We really need to find some of my father’s living cousins from his mother’s side of the family! I will post a plea out on Rootsweb.com and any other genealogy link I can find. Family information is at the end of this blog.
I phoned the geneticist this morning to check on the status of the gene testing results. Her assistant called close to 12 noon to schedule an appointment at 3 pm to go over the results. . .they were in. I asked if we could talk over the phone given the “parking lot” that happens on I-5 on Fridays; they said no; they prefer to give the results in person.
It was amazing for me to immediately go into, “oh no, it’s positive; otherwise they would talk to me on the phone”. . .and quickly switching to “walk on the water, Renee”. While I did feel tense and stomach had butterflies, I was okay. It was an answer that we wanted and needed to hear. If it was positive, then we had the time to research plastic surgeons and reconstruction options.
The testing came back as “BRCA1 –no mutation detected” and “BRCA2 – genetic variant of uncertain significance. Therefore, the contribution of this variant to the relative risk of breast or ovarian cancer cannot be established solely from this analysis”.
In other words:
Mutations in the BRCA1 and BRCA2 cause most cases of hereditary breast and ovarian cancer. A change was detected in the BRCA2 gene but it is not known if this change is linked to cancer or if the gene runs in my family. The testing company will continue to gather information about genetic variants of “uncertain significance” such as the one identified in my test. If any new information becomes available about my variant, they will notify my geneticist.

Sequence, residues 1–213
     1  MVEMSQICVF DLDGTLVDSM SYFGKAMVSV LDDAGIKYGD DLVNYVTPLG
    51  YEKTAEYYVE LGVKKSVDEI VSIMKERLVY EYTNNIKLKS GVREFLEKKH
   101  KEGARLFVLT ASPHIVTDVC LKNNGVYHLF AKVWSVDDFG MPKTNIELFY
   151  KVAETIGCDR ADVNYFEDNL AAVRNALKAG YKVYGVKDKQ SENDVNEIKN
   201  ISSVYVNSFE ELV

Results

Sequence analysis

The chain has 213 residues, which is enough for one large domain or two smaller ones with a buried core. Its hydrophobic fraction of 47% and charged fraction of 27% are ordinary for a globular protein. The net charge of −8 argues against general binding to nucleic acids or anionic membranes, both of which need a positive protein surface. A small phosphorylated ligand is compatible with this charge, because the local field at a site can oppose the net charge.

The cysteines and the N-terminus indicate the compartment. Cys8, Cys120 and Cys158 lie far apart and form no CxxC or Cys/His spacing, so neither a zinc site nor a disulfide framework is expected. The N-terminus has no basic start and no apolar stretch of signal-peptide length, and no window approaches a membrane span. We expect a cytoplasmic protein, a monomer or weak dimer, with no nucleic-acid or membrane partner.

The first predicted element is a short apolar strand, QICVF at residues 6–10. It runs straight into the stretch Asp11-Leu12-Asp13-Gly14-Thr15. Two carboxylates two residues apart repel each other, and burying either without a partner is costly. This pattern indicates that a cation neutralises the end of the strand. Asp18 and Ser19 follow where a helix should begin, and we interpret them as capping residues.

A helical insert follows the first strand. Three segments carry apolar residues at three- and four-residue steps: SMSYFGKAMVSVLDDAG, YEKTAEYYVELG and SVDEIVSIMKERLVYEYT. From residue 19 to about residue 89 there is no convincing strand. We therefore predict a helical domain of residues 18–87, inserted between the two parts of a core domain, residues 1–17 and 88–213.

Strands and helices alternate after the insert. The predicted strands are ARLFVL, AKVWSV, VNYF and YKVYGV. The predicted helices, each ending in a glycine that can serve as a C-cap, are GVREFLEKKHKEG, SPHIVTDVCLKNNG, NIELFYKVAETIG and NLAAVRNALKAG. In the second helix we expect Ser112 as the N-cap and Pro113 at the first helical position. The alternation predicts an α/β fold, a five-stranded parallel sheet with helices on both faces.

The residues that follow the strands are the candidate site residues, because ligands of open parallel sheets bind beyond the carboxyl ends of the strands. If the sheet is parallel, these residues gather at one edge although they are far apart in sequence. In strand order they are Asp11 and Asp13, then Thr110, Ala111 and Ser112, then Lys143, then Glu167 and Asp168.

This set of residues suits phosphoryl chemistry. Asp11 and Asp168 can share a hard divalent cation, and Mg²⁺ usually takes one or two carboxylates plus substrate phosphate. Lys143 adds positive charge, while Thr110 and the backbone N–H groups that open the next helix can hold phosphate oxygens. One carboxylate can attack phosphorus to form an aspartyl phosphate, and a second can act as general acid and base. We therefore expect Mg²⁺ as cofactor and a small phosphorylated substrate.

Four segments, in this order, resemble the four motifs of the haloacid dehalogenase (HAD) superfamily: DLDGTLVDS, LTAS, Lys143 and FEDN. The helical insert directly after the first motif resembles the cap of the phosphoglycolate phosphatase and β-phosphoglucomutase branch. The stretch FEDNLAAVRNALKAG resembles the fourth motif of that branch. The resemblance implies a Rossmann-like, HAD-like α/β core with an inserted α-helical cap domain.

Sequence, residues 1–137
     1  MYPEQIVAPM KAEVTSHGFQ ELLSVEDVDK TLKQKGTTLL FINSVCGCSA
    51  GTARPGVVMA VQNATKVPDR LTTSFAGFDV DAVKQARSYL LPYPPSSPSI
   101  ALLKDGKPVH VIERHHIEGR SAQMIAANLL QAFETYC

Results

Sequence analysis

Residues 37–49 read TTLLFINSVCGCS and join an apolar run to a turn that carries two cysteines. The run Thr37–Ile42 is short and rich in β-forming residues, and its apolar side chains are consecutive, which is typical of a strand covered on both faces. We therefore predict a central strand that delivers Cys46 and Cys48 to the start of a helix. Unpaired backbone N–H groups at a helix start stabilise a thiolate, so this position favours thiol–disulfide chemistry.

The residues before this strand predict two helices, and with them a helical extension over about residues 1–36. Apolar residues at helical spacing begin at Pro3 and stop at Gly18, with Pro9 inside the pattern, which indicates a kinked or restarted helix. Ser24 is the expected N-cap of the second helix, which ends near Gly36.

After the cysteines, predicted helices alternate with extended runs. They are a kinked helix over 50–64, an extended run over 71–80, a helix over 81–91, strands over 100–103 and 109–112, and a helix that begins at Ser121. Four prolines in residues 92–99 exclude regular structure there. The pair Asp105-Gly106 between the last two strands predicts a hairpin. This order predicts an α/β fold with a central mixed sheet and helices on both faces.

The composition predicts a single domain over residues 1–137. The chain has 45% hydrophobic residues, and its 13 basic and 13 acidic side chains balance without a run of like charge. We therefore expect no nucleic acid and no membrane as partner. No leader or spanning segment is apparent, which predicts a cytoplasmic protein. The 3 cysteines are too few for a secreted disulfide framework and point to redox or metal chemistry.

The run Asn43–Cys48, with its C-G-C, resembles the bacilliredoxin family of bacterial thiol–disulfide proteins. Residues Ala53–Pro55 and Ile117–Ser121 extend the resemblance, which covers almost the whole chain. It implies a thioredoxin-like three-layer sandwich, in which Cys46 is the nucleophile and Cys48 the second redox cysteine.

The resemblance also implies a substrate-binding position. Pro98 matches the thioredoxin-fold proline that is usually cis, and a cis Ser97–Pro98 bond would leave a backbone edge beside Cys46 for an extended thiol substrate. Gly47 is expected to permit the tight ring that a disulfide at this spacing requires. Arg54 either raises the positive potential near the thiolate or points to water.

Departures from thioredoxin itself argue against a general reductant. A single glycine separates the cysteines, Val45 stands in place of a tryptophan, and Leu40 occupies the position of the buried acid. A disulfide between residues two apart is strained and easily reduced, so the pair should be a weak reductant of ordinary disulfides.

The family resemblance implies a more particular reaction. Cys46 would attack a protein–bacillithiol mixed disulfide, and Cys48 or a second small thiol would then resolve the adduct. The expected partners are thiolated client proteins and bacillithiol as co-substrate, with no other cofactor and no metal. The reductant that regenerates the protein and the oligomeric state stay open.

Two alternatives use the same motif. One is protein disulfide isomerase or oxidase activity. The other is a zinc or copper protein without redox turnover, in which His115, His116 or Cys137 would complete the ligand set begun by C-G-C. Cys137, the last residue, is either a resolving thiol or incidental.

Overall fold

Free testing is available to some of my relatives – such as my mom (though that’s not where the gene is thought to come from), or any female relative diagnosed with invasive breast cancer before age 60, or a male relative with breast cancer at any age, or any female relative diagnosed with ovarian cancer.
An interesting item was that there are 6 previous observations of this gene variant in unrelated families – 1 of Central/Eastern European, 3 of Western European and 2 were not specified.
Lumpectomy on Wednesday is a go!
Vic is doing great. . . .his foot/ankle are back to normal and his face is not swollen. His regular doctor said if his blood pressure is consistently low, he will go back onto some meds he has had before. He has a check up with the surgeons on Tuesday before I go in for radio isotopes.
Here's what I've come up with so far on my grandmother's siblings and my father's cousins. Haven't found any living people yet.
George Washington Fletcher
b. 21 Oct 1860
d. 5 Feb 1930. Kingsley, Iowa
m. Orpha (Orpah) Riddle, b. 1860
b. about 1885
b. abt 1886
m. Florence Atkinson
b. abt 1891
m. Harriet L. Maser or Moser b about 1893
m. Fred Henry on 30 Mar 1910
Daughter: Daisy b. 1914 (lived with George and Orpha per census)
d. 11 Jan 1974, South Dakota
m. Leigh Clark Finch of Madison, SD;
Son: Vern Lee Finch b. 1915 d. 1993;
Daughter: Ruth 1917 b. in SD m. Kenneth V. Billet on 8 Mar 1941
Gregory Scott Billet m. Sharalynn Cordes, Hennepin MN
Michael Alan Billet m. Catherine Laughlin, Hennepin Minnesota
m. Bertha Page
Daughter: Annsola, b abt 1923
m. Martha R. ??
b. abt 1899
m. Edgar Adelbert Spink;
Son: Vance b. 1923, d. 1990
Daughters: Sicret (or Secret) b. 1920
Margie Lou b.1928, d 1928?
b. abt 1900;
m. Richard V. Bowers;
Verle A. Bowers, b. 1924
Wayne A. Bowers, b 1923
Charles, abt 1929
b. 12 March 1901, Battle Creek, Iowa
d. 16 March 1943, Fairfield, Clay, Nebraska
m. Charles Andrew Goosic
George Wray Goosic b. 26 July 1922, died 14 Sept 1984 (my father)
Gerald Goosic b. 1924, d.